Even so, officials and coaches have plenty of job security according to sports tech experts. "Artificial intelligence is just not there yet," Chase said. "The technology does not exist by which a computer can make these judgments. What the technology really offers is the opportunity to take some of the guesswork out of it and reinforce the coach's or ref's decision," Carey said. "They go hand-in-hand. It's not a case where it will all be robotics, at any point."

Robot refs aside, Pollard said the next step for Zebra's partnership with the NFL is making tracking data widely available. Right now, the NFL only releases game-day player-tracking data to its own teams. "The biggest challenge is getting through an established mindset that this is too much information—this misconception that statistics and analytics are a red herring when it comes to American football," Pollard said. "Imagine having full league information available to all the teams so they can use it for player evaluation and game-planning—velocity and height of passes, sorting them by route type. Insights from both sides of the ball in all games."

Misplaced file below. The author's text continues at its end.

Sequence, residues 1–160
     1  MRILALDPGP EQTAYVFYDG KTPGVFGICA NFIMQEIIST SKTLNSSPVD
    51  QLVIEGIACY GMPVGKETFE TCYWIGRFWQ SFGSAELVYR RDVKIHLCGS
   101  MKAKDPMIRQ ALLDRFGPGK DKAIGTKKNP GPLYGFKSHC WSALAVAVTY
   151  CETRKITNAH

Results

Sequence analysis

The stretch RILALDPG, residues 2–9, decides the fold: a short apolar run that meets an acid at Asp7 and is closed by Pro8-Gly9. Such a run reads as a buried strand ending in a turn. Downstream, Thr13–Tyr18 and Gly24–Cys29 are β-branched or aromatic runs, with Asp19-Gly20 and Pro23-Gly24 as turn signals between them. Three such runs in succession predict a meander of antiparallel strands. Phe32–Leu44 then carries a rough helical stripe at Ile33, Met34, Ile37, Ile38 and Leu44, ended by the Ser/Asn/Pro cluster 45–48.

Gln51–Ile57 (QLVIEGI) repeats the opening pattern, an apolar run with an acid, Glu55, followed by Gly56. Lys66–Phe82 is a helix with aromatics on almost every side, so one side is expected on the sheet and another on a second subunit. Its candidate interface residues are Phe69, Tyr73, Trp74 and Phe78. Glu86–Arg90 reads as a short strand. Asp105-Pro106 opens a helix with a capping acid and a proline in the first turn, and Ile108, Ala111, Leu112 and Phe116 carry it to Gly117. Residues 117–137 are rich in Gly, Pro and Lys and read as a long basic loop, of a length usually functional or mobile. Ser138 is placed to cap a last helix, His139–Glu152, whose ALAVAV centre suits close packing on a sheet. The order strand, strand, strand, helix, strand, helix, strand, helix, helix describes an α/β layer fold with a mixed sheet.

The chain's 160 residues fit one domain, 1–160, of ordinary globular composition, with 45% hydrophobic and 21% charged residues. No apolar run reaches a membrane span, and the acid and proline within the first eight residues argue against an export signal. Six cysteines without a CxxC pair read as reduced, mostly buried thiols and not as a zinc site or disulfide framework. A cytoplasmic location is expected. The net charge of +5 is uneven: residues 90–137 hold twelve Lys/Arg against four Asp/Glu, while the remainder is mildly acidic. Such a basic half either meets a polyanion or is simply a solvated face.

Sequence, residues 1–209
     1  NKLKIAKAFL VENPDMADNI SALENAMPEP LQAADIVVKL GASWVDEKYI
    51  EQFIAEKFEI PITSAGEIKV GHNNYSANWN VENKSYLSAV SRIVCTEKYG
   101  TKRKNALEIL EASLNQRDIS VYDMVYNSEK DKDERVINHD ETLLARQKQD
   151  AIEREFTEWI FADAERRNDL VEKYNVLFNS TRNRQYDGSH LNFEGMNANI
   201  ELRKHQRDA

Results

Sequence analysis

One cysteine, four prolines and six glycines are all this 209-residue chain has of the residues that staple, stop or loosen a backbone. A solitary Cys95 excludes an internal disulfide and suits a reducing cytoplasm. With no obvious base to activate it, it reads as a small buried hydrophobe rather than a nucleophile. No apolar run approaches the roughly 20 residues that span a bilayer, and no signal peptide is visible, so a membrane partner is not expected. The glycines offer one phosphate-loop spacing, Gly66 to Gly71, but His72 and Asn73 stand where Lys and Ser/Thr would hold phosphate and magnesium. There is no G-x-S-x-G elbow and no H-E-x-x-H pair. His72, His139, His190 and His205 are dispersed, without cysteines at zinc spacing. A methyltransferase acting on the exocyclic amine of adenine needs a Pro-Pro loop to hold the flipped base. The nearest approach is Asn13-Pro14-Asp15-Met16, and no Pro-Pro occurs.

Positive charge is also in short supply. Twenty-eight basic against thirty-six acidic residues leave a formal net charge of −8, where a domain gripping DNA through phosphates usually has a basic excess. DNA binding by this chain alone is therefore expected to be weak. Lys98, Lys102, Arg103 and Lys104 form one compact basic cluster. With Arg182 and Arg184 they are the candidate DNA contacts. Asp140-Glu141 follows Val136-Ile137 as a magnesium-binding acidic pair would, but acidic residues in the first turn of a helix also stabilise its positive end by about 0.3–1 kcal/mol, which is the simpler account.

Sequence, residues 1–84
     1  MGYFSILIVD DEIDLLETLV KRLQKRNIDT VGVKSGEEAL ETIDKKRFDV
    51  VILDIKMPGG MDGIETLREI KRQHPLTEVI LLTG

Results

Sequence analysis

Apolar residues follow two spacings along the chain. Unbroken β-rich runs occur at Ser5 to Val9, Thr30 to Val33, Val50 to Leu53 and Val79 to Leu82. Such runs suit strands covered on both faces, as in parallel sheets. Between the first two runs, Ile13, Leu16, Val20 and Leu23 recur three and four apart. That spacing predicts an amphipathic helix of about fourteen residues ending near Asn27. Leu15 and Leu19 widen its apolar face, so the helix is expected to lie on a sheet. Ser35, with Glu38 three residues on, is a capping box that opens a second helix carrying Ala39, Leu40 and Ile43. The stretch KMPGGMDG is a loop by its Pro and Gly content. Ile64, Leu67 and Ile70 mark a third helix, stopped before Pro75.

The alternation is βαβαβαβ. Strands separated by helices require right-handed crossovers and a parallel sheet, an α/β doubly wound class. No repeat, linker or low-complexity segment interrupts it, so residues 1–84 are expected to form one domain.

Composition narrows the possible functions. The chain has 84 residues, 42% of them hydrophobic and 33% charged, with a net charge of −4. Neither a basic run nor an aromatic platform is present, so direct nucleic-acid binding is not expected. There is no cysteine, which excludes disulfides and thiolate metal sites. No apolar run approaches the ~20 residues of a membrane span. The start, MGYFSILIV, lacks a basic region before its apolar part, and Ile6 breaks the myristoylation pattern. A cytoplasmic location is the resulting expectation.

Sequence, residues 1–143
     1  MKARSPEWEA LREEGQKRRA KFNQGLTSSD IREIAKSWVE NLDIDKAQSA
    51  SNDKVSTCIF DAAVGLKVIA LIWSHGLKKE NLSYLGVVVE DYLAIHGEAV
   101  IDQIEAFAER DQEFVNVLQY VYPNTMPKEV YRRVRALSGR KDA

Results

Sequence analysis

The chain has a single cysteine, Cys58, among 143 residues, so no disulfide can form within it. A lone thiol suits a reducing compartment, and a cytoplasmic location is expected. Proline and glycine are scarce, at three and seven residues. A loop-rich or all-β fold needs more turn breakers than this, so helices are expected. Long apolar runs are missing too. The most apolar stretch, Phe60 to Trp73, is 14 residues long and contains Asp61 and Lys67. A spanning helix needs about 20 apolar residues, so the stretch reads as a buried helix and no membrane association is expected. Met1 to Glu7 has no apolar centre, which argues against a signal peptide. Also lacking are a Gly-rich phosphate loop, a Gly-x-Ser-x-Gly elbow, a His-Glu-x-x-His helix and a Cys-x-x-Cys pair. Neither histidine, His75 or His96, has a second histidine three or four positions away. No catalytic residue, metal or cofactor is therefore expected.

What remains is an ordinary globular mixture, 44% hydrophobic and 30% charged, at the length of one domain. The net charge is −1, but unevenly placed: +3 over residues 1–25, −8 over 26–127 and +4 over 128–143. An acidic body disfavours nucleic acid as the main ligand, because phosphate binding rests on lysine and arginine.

When that information becomes available—as it almost certainly will—we may reach a day when all that'll be left are quandaries that not even the most advanced technologies can resolve. Like: What is a catch?